- Renaissance Technologies halved its Tesla stake and exited its GameStop and AMC wagers last quarter.
- Jim Simons’ quant fund supercharged its bet on Warren Buffett’s Berkshire Hathaway to $605 million.
- RenTech doubled its Tesla holdings and grew its GameStop wager by 118-fold in the first quarter.
RenTech, which ranks among the largest and most successful hedge funds in history, was founded by Jim Simons, a former NSA codebreaker and MIT math professor. The quantitative fund employs algorithms to decide many of its trades, resulting in sweeping changes to its stock portfolio each quarter.
Simons’ fund slashed its Tesla holdings by 52%, from 1.6 million shares to 748,000. The value of the position tumbled from $1.7 billion to $504 million, in part because Tesla’s stock price plunged by 38% in the period. Elon Musk’s electric-vehicle company dropped from RenTech’s number-two holding to 16th on the list in just three months.
RenTech also eliminated its GameStop stake, despite boosting its bet on the video-game retailer by 118-fold in the first quarter. Moreover, the quant fund exited AMC, after cutting its wager on the cinema chain by 61% in the three months to March 31. It counted both meme stocks in the top 10% of its roughly 4,000 holdings at the end of the first quarter.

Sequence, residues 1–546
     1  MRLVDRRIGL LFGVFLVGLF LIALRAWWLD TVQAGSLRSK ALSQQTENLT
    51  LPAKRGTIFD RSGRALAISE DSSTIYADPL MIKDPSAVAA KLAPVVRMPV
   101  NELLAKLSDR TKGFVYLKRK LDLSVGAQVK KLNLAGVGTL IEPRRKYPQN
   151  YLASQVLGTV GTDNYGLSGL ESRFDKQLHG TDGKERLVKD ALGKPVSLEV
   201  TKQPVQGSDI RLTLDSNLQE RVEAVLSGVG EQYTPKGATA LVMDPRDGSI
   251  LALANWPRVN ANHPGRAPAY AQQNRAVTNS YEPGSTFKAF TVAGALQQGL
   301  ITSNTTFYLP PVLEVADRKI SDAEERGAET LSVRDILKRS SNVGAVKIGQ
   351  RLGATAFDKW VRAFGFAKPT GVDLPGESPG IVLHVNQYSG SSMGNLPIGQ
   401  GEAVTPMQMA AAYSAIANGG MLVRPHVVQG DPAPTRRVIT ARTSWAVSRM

Notably, Simons’ fund grew its stake in Berkshire from $70 million to $605 million in the past quarter, even as the conglomerate’s stock price plunged by 22% in the period. Buffett’s company ranked among its top 20 holdings at the end of June; it was outside of the largest 250 positions three months earlier.
Focusing on RenTech’s top 20 positions going into the quarter, the fund disposed of roughly $600 million stakes in Amazon and Alphabet, and slashed its bets on Moderna, Advanced Micro Devices, and Monster Beverage. On the other hand, it bolstered its wagers on Apple and Meta Platforms, and added to its Hershey and Airbnb holdings.
The overall value of RenTech’s US stock portfolio dipped by less than 1% to $84.5 billion in the second quarter, even as the S&P 500 and Nasdaq indexes slumped 16% and 22% respectively. Simons’ fund may have offset some of the market decline by expanding its total holdings by about 140 stocks in the period.
Quarterly portfolio updates only provide a snapshot of a firm’s holdings on a specific date, and exclude some investments such as short positions and stakes in private businesses and overseas-listed companies. That means they don’t always paint a full picture of a fund’s investing strategy.
They’re probably even less revealing when opaque algorithms are dictating trades. Still, it appears that RenTech soured on Tesla last quarter, gave up on two of the best-known meme stocks on the market, and backed Buffett to capitalize on the current market downturn.